One thing I was very glad to do was to meet up with a friend I’d met at yoga school in Thailand. Unfortunately, I forced her to go on an organised tour of the city (the ‘Best of Portland’ tour), which I had high hopes for, but turned out to be a bit of a bust. We weren’t impressed. 🙁
I like stories about a city, and the people who’ve lived there, and this was more about the public transport system and the environmental creds of the city.
There was certainly some interesting facts, and if you’re interested in engineering, architecture or why Portland is considered one of the ‘greenest’ cities in the states then you might find it intriguing. For example, Portland’s city government have invested heavily in public transport, bike facilities and many public parks, to the benefit of locals and tourists alike. Matt Groening (the creator of The Simpsons) grew up in Portland, and many of the characters’ names are taken from street names in the city. I was impressed by the statue of Portlandia (to the left) the second largest hammered copper statue in the States after the State of Liberty. It’s nearly 35ft tall, just to give you some perspective.
One weird thing about Portland – to me – is that you’re not allowed to ‘pump your own gas‘ (that’s fill up your own tank of petrol to us Brits). Not something I’ve come across before. There are also some other unusual features of the city, like the arts tax.
But the tour didn’t really engage myself or my friend, and we found ourselves talking at the back like naughty school kids. The company have plenty of other tours and seem to be thought of very highly so we might just have been unlucky.
We made up for it by doing a little walking on our own, and my friend, who’s a local, told me some stories about the city – such as the background to the tiny Mill Ends Park, the world’s smallest park, a two foot urban park in Portland – and then we went and sat in a pub by the river and enjoyed happy hour. Nice!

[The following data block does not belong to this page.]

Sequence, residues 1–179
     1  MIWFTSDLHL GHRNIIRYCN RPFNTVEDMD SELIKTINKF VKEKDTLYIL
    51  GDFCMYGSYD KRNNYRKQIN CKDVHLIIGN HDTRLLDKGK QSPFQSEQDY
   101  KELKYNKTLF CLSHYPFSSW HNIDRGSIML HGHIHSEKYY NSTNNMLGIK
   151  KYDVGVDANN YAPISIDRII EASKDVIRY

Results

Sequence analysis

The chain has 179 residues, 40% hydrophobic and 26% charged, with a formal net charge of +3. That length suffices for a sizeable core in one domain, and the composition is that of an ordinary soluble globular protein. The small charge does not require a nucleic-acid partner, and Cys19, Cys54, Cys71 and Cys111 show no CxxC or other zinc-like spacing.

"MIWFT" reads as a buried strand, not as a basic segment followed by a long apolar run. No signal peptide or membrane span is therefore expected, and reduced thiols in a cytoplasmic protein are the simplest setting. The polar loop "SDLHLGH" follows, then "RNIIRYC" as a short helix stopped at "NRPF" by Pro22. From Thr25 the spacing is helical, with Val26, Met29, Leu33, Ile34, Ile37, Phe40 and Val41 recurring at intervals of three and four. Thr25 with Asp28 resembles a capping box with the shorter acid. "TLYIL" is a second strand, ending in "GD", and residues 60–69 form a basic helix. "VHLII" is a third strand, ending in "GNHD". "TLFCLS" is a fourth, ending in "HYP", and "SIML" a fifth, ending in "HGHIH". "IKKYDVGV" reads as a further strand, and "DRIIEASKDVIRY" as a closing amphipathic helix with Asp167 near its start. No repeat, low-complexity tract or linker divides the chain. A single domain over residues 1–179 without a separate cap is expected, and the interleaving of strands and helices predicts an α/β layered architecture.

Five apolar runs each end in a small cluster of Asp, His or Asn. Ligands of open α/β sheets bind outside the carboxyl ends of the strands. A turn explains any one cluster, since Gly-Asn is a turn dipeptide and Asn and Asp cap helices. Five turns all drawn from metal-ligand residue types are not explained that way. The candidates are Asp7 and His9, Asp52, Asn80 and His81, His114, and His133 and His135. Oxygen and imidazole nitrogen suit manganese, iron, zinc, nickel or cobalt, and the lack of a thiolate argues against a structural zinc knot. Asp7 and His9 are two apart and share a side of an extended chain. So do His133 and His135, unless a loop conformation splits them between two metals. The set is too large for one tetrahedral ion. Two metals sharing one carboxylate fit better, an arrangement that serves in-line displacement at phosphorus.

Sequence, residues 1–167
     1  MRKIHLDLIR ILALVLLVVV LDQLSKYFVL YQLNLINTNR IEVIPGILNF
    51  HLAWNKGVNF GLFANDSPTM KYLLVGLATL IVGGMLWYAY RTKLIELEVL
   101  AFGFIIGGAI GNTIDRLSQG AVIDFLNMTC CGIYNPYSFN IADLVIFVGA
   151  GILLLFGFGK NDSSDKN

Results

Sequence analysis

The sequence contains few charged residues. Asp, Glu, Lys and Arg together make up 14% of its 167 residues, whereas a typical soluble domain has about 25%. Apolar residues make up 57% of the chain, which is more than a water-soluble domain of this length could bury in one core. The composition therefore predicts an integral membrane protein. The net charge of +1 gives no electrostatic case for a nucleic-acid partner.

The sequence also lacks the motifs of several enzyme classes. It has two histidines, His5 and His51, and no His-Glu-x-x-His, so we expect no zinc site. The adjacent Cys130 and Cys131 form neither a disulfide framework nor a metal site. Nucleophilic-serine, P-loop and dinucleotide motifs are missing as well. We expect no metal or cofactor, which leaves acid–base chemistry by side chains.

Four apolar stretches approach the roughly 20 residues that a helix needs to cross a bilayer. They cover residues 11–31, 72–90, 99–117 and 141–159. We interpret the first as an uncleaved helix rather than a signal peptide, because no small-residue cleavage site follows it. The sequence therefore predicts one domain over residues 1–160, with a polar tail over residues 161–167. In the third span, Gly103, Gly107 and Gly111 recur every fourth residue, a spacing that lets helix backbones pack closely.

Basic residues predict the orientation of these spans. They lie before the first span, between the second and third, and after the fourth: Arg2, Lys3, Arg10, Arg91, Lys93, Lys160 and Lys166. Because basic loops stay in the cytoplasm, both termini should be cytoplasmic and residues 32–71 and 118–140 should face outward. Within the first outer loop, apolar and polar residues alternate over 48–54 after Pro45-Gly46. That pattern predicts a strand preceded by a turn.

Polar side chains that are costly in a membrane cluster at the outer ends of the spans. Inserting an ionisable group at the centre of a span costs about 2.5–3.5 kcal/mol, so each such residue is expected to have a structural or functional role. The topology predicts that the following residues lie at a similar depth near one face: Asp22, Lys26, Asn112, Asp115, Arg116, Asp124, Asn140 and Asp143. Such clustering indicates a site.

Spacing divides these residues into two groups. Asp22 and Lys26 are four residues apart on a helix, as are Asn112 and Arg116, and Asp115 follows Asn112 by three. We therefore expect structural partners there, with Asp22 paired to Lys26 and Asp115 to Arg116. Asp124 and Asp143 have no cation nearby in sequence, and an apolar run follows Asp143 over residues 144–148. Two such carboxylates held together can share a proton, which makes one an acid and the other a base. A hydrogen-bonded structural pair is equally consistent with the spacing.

(I thought that sub-heading made me look cool. Like I know about the scene. Whatever the scene is.)
There are lot of beards in Portland.
Beards, bookshops and beer, funky little coffee places, plenty of veggie food and good wifi. This was more than enough to make me want to come back, but the city itself also had what I’d describe as a relaxed feel (in a, ahem, unrelated fact, Marijuana became legalised in 2015 in Oregon, much to my amazement – I mean this is America folks!?!).
I didn’t do a lot of tourist stuff, so I can’t comment on tourist hot spots as much (here’s the official visit portland site for that). I did go to a microbrewery or two (not on purpose) and I actually drank beer and enjoyed it – that’s me out of my comfort zone right there!
‘Keep Portland Weird’ is both a bumper sticker and unofficial slogan of the city, and I guess it’s the reason I saw a man dressed as Darth Vader in a kilt on a unicycle playing the bag pipes. Yeah. Anyway, here’re some weird portland tourist attractions if you want to play tourist in some more unusual ways.
Why Did I Love Portland So Much Again?
I’ve been mulling over this since coming back to the UK. The city left a great impression on me, and I definitely want to go back. It reminded me a little of San Francisco, and a little of Vancouver. I think the thing that I liked most was just how very liveable the city is. Easy to get around, great food and coffee, interesting and kind people – from a Digital Nomad perspective, it has pretty much everything. If the prices were in baht rather than dollars, I’d be living there now!
If you’re looking for a place to hang out in for a couple of weeks, for a relaxed holiday where you can mooch, enjoy nature, meet interesting people, taste delicious and sometimes quite unusual food, and even shop, then Portland’s a great place to be.